The Century Mark: Jack Quinn and Juraj Slafkovsky

Alex Wyatt


Welcome back for another edition of the Century Mark, where I aim to dive into some of the underlying numbers on a few players who are reaching the threshold of 100 NHL games played. My aim is to help you understand what the metrics mean, and if there’s anything in the tea leaves to help you decide if it’s worth continuing to invest in your player. Each edition I will also try to give an introduction to the tools you have at your disposal on the Frozen Tools page, by going under the hood in one of the many at your fingertips.

This month we take a look at Jack Quinn and Juraj Slafkovsky, two players who each raised an eyebrow or two with their draft position in their respective years. Now that both players have skated in at least two seasons and are nearing their 100 game milestones, let’s take a look into what we have in these players as they cross the Century Mark.

Jack Quinn. 22. W. Buffalo Sabres
When the Buffalo Sabres stepped to the podium with the eighth selection in the 2020 NHL draft, many poolies and prospect junkies were expecting them to call on an offensive dynamo from Switzerland. A dynamo who led the OHL in scoring, and at 2.14 points per game had the 3rd best rate in the last decade- behind only Connor McDavid’s 2.55 and Sam Bennett’s 2.18 marks. Instead, much was made of their decision to select Quinn, who at the time finished second in the league with 52 goals in 62 games. Surely, that type of goal scoring prowess would warrant consideration inside the top 10 of a draft, but the concern was that just a season prior, Quinn had a line of 12-20-32 in 61 games played, and now sat at 52-37-89 in 62. The concern was, with the seemingly out of nowhere production, was he worth picking over Rossi, and Perfetti for that matter. Now that Quinn nears 100 NHL games played- which on it’s own shows he was certainly a successful pick- we can see what his body of work shows.

Thus far over his three year career, since we will count the two game cup of coffee in 2021-2022, Quinn’s been a 42-point player, and has seen his pace tick up in his sophomore season. He hit double digit goals in his rookie year, and is pacing for more than 20 this year. His pace increase is a welcome sight for any developing rookie, but the gross games played are a small sample size given that Quinn started the year on the IR due to an injury to his achilles tendon suffered during training camp. His progress is all the more welcome as a sign of a strong recovery from a tenuous injury.

As mentioned in previous installments of this column, it is always a wise idea to take a look not only at the overall trajectory of a player’s stats, but to be mindful of his “per 60” measurements to ensure the growth in production isn’t a direct tie to more ice time. Sure, players have to earn the extra ice time with their strong play, but the per 60 stats allow you a quick and concise measure of how much hay a player makes during his time on the ice.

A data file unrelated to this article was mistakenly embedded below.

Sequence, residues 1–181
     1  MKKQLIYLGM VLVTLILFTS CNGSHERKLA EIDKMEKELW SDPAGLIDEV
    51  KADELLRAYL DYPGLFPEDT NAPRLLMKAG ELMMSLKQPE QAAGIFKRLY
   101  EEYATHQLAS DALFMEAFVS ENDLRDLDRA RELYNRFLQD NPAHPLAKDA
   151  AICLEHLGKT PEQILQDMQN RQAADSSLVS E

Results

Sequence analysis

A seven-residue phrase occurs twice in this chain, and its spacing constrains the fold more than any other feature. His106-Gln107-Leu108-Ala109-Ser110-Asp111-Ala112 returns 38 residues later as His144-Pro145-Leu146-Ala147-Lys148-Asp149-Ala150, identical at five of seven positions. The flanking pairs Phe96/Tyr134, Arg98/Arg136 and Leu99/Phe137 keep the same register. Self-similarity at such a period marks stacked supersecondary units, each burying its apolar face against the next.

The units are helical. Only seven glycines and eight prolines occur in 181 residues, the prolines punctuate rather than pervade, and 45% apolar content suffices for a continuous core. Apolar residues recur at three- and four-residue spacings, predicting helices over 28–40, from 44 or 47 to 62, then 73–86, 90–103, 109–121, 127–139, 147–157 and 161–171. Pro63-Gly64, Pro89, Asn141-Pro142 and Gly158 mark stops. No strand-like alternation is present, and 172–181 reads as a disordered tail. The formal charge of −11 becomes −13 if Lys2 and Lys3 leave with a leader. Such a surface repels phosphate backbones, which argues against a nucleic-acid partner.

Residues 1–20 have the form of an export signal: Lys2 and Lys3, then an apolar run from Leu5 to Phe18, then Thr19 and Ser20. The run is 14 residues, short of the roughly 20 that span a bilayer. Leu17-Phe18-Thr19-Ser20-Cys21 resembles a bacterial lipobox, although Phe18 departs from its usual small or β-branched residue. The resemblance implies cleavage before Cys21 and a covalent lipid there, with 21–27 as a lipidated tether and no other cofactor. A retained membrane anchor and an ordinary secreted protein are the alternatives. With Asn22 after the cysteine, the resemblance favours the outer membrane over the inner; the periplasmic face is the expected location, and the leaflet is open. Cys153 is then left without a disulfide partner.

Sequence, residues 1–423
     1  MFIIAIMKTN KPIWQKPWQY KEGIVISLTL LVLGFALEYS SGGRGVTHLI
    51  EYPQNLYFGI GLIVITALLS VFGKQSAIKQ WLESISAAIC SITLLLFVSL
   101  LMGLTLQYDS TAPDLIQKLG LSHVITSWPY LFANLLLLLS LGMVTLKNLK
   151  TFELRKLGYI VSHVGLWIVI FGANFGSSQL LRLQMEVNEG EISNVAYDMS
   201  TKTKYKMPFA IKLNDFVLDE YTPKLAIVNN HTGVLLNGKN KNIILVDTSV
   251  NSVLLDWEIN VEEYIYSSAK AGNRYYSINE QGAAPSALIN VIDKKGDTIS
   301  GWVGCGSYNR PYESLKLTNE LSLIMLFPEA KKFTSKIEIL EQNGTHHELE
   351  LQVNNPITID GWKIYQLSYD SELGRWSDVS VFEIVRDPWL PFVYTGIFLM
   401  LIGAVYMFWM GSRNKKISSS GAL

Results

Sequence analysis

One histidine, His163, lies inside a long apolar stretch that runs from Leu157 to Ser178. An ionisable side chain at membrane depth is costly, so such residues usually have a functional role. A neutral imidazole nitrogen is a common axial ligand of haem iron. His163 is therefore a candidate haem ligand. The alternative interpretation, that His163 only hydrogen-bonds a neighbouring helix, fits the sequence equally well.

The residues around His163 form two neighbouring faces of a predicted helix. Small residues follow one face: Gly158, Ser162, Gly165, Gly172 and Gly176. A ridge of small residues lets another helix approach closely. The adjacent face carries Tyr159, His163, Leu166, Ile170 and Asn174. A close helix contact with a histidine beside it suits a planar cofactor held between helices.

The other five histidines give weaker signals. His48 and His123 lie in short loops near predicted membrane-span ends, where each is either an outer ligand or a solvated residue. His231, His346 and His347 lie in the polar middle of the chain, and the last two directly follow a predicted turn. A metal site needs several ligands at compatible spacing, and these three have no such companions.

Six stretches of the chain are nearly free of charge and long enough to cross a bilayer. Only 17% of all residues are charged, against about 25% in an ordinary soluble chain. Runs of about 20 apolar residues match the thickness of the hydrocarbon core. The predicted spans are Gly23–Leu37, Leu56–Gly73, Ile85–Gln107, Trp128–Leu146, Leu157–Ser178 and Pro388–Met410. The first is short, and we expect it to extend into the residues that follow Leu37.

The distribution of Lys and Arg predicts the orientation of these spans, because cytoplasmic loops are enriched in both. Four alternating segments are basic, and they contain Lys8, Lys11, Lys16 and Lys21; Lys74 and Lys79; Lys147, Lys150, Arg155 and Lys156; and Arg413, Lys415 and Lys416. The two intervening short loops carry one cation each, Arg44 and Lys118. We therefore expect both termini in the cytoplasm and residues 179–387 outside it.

On Quinn’s advanced stat tab from his frozen tools profile, we can see that his points per 60 is identical to last year, and his shots per 60 have increased slightly. This implies that Quinn is providing a little more offense per time on ice than he was in his rookie season, above and beyond just the impact of his extra two and a half minutes of ice time per game. 

On the deployment front, we see that Quinn receives an extra half a minute in powerplay ice time, which represents a hike in the percentage of Buffalo’s powerplay time over last season, as well as a bit more penalty kill time as well. This is also encouraging, and for two reasons. One, the increase in his PPTOI represents an increase in the share of the time with the extra man, and not just that there are more bulk minutes over all to dole out. Secondly, and increase in penalty kill percentage also shows that head coach Don Granato is comfortable sending the youngster out in all situations. Remaining on the advanced stat tab, we can see Quinn’s offensive zone start percentage is very similar to last year, and over 50%, meaning that Quinn starts his shifts in the other team’s zone more often than not.

Stepping over to check on linemates, thus far into the seasons, Quinn has been lining up alongside Dylan Cozens and J.J Peterka for the vast majority of his even strength time. This is the same trifecta that Quinn found himself a part of for the lion’s share of his ice time at five on five last season as well. Familiarity is key, as he and his linemates will continue to gel together, and given the makeup of the Sabres, being a consistent trigger man for Dylan Cozens is a fantastic role for a young sniper to be given.



If you’re lucky enough to find yourself with Jack Quinn on your farm squad, you’ve got a solid player to bring up to your main squad when his minor league eligibility expires. Not only is his production solid right here and now, but he is a key piece to a young Sabres squad that oozes talent. That he finds himself a key piece of the top six, with a regular assignment next to two other key members of the youth movement in Cozens and Peterka is also exciting. Quinn has grown his resume since his draft with two strong AHL campaigns before making his way to Buffalo’s main roster.